Sacha Guitry and Charlotte Lysès, Paris (a gift from the artist)
Pierre and Huguette Bères, Paris (sold: Parke-Bernet Galleries, Inc., New York, October 26, 1960, lot 77)
Anne Burnett Tandy, Fort Worth, Texas (acquired at the above sale and sold: Sotheby's, New York, November 5, 1981, lot 211)
Stanley Seeger, Sutton Place, England
Private Collection (acquired from the above and sold: Sotheby’s, New York, November 18, 1986)
Private Collection, Boston (acquired at the above sale)
Sale: Christie’s, New York, May 16, 1990
Ahoyama Gallery, Tokyo
Private Collection (sold: Sotheby’s, New York, May 13, 1998, lot 37)
Acquired at the above sale
Paris, Musée des Arts Décoratifs, É. Vuillard, 1938, no. 228 (titled Un artiste dans sa loge)
Paris, Galerie Bernheim-Jeune, Vuillard, 1938, no. 18
Washington, D.C., National Gallery of Art; The Montreal Museum of Fine Arts; Paris, Galeries nationales du Grand Palais; London, Royal Academy of Arts, Édouard Vuillard, 2003-04, no. 302
Claude Roger-Marx, Vuillard et son temps, Paris, 1946, illustrated p. 186
Antoine Salomon and Guy Cogeval, Vuillard, The Inexhaustible Glance, Critical Catalogue of Paintings and Pastels, vol. II, Paris, 2003, no. IX-173, illustrated p. 1121
The theatrical world became increasingly important to Vuillard as part of the bourgeois circle in which he circulated. His involvement with the theatre included the design of playbills, the illustration of programs and the painting of stage sets. Actors and playwrights were among Vuillard’s intimate friends and the experiences of visiting the theater undoubtedly influenced the stage-like space of his interior views after 1900, in which figures are often placed to suggest dramatic tableaux.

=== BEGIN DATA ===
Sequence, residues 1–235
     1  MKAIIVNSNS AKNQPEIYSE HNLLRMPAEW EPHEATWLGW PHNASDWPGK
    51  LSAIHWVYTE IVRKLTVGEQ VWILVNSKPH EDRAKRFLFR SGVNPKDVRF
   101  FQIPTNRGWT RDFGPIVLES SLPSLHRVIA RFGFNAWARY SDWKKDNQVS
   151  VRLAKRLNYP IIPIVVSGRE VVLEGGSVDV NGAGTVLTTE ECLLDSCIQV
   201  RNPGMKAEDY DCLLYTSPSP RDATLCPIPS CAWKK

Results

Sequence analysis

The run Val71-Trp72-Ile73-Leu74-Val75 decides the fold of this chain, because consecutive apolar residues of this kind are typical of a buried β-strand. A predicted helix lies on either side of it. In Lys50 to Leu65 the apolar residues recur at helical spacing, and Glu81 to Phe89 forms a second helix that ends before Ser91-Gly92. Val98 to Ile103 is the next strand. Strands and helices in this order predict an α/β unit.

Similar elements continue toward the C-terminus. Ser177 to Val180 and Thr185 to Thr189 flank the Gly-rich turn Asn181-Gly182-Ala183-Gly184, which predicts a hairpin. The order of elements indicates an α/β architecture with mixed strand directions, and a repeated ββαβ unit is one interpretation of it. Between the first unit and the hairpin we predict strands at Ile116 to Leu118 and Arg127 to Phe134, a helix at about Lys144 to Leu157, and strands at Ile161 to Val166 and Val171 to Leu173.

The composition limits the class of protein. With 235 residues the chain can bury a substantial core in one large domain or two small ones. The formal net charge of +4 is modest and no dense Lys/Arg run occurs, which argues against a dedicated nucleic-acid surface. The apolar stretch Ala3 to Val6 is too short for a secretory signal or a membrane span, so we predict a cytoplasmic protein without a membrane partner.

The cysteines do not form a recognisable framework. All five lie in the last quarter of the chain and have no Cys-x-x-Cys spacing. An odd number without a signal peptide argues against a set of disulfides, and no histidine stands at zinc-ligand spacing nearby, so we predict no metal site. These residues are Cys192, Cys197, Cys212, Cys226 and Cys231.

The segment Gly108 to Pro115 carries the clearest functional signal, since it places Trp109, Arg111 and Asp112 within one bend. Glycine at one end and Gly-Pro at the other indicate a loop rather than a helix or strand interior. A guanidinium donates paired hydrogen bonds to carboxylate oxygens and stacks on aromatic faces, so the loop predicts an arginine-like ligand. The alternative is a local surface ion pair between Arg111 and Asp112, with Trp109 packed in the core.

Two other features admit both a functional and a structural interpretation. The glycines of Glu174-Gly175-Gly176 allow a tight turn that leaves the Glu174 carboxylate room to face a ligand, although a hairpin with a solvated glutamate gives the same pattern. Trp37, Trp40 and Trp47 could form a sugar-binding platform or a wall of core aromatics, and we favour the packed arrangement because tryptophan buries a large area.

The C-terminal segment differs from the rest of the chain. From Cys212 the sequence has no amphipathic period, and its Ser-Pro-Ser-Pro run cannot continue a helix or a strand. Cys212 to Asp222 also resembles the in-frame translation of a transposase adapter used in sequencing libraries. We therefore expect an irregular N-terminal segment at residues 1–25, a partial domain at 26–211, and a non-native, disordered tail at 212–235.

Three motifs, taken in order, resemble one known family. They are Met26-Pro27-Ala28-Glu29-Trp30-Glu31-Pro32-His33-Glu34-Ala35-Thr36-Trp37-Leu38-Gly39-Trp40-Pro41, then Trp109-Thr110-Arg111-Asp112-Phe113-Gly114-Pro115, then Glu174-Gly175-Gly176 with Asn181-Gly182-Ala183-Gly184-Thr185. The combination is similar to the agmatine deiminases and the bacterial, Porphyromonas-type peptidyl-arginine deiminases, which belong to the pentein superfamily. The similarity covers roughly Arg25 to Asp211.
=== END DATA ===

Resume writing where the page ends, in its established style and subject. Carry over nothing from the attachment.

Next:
Along with Tristan Bernard, Henry Bernstein and Porto-Riche, Sacha Guitry was among the most popular boulevardiers. These were the writers of bourgeois comedies which formed the staple repertoire of the boulevard theaters in the 1910s.
Guitry was a good friend of Vuillard, and wrote and acted in many plays. Guitry included Vuillard’s painting Matin ensoleillée in his play La prise de Berg-op-Zoom which opened in October 1912 at the Théâtre de Vaudeville. The painting also decorated the set of Guitry’s play Un beau mariage with other works by Bonnard, Roussel and Van Dongen from the Galerie Bernheim-Jeune to suggest bourgeois-décor.
In April 1912, the year the present work was executed, Vuillard received one of his most important commissions, the decoration of the foyer of the Théâtre de la Comédie, a theater within the Théâtre des Champs Elysées, conceived by Gabriel Astruc. Other artists who worked on the commission were Denis, Lebasque and Roussel, whose efforts were designed to create a ‘Temple of Art’ where the latest in dance, music and drama would be showcased.
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